Stanford EE Computer Systems Colloquium

4:30 PM, Wednesday, January 15, 2020
Shriram Center for Bioengineering and Chemical Engineering Room 104

Lenia: Biology of Artificial Life

Bert CHAN Wang-Chak
Independent Researcher

In the field of Artificial Life, we use biochemistry, engineering and computer simulation to answer "what is life" and "what life could be". Starting from Conway's Game of Life, a famous discrete cell simulation, we tried to make everything smooth and continuous, and then something strange emerged. In this new system called "Lenia", we discovered lots of self-organizing, self-regulating dynamic patterns, look and behave much like microscopic life seen in biology class or plankton videos. More than just being amused, we investigated these creatures in details, performed computer experiments, classification, statistical analysis, and probed into the nature of such dynamic and complex system. We see possible links between Lenia, biological life, and artificial intelligence.


Slides for the talk in PDF format.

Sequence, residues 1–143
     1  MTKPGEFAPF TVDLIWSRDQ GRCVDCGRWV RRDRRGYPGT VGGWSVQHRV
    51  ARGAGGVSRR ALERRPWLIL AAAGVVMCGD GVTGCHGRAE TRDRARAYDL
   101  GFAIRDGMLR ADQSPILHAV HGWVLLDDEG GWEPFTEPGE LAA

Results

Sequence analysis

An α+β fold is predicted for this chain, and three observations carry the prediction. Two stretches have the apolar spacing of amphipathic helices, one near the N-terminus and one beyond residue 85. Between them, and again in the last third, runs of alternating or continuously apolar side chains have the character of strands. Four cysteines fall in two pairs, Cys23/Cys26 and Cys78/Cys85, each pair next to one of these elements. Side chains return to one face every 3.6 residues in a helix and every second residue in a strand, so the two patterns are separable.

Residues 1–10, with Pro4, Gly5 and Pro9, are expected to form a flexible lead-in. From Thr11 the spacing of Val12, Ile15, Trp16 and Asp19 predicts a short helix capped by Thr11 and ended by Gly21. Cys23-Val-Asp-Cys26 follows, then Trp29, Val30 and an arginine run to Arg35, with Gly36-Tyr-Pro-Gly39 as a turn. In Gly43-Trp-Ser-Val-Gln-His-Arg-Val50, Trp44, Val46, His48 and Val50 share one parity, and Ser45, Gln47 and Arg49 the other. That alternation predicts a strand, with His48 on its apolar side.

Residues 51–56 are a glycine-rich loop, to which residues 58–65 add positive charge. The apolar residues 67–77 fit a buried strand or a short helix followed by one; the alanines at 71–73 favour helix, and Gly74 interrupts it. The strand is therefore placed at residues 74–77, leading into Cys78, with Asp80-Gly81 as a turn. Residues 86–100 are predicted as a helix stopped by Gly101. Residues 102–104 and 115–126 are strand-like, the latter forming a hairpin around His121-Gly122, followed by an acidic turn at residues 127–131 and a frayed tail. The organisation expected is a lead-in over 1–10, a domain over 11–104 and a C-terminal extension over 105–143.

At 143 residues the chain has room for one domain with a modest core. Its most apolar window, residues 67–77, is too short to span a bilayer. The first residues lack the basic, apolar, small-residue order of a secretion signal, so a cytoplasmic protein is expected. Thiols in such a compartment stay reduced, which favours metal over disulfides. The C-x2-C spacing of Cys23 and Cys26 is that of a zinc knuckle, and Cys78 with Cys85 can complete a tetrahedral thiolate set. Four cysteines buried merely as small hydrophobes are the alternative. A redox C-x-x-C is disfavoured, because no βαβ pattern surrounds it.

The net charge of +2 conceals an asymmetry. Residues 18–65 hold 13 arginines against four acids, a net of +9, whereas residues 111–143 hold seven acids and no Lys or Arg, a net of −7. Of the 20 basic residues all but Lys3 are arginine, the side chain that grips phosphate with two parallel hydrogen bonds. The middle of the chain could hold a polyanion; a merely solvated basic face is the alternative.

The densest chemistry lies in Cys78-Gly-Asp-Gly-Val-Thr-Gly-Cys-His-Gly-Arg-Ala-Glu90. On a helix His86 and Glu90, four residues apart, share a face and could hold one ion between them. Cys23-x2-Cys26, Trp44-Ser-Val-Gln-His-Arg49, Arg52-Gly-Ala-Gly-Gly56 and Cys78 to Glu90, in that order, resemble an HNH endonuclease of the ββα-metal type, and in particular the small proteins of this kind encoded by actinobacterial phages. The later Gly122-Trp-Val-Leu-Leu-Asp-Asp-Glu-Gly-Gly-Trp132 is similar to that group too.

To access the live webcast of the talk (active at 16:28 of the day of the presentation) and the archived version of the talk, use the URL SU-EE380-20200108200108. This is a first class reference and can be transmitted by email, Twitter, etc.

A URL referencing a YouTube view of the lecture will be posted HERE a week or so following the presentation.

About the Speaker:

[speaker photo] I am a software/data engineer by day and an independent researcher at night. I've been making scientific infographics, designing typefaces, speculating on human evolution, etc. My recent project is Lenia, an artificial life (ALife) system that can produce nice computer graphics and deep philosophical questions. I'm working with various researchers in the academia/industry to further study Lenia, talk about ALife, and explore how ALife and AI could stimulate each other (contact me if you're interested!) More information about Lenia and myself at